The next picture was of a daisy someone brought into the building. It seems there was someone outside handing out flowers. If you’ve seen one thoughtless composition of an oversized flower, you’ve seen them all.

Also, this little guy. I’ll let you figure out what it does. I know, but do you? Here’s your hint, we have four of them in the studio.

And, if you cheat and look up those letters, you’ll quickly learn what it is. But it is more fun if you guess.

We have some catching up to do on the Re-Listening project, and so we should dive in while I can still remember the order of things. So two quick ones today, both of which I picked up from a radio station I worked at, probably in early 1997, or the very very end of 1996. I know that because this first one had a stamp in the liner notes. Not for promotional use.

It was The Lemonheads, their last record on the Atlantic Records label. Band members were coming and going around lead singer Evan Dando, including a lot of talented session musicians, and for whatever reason — promotion interest, most likely — it was not as successful as the previous alt rock records from the Massachusetts group. But it has developed a cult following, and that’s the least we can do. This is a great record.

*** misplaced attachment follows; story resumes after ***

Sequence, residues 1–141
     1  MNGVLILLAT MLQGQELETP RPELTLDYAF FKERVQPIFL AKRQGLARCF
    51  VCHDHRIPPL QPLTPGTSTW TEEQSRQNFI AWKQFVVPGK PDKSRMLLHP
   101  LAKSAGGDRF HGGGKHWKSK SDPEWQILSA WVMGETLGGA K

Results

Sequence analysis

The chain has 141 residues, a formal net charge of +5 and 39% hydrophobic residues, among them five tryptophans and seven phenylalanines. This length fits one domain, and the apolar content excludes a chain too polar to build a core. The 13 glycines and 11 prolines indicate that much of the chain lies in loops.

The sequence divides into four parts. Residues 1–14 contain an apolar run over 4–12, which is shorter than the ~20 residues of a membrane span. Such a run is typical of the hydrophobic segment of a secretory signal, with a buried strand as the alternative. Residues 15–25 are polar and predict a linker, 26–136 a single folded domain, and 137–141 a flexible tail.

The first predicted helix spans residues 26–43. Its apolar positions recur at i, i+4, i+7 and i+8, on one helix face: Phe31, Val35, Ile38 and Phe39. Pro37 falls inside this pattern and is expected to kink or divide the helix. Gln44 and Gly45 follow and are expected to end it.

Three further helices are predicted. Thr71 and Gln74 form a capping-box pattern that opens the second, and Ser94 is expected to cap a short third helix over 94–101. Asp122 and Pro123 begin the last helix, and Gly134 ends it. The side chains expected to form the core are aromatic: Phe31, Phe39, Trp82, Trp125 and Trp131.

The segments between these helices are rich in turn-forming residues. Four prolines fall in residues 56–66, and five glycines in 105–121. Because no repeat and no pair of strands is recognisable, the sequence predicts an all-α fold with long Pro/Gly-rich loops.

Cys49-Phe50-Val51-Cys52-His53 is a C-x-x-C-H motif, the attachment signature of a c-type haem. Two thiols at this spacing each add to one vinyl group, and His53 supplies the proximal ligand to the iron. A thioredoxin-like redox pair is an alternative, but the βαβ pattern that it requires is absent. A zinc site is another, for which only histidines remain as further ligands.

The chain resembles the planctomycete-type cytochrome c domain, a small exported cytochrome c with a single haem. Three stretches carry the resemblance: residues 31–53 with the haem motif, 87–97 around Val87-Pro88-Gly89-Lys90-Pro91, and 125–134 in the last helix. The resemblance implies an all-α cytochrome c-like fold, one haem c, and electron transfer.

The first track is one of my favorites.

But then there’s the next song, which was the one that got a fair amount of air play.

But you see pretty quickly, I think, how The Lemonheads’ style was being outpaced by what was being offered on radio and MTV. The mid-third of the record gets a bit eclectically moody.

Then, and I still don’t understand why, though I’ve certainly burned brain cells on it, there’s an Appalachian murder ballad in the eighth spot. I knew this song right away.

Let’s take a little detour. This is worth it. This is why I knew that song.

The Louvin Brothers’ version was published in 1956. And in the Tennessee Valley, in the Highland Rim, I heard that around a kitchen table or in a garage, or both. Charlie Louvin, who was born on the other side of the mountains, in the Sequatchie Valley, in the Cumberland Plateau, did a haunting version of it again, 51 years later.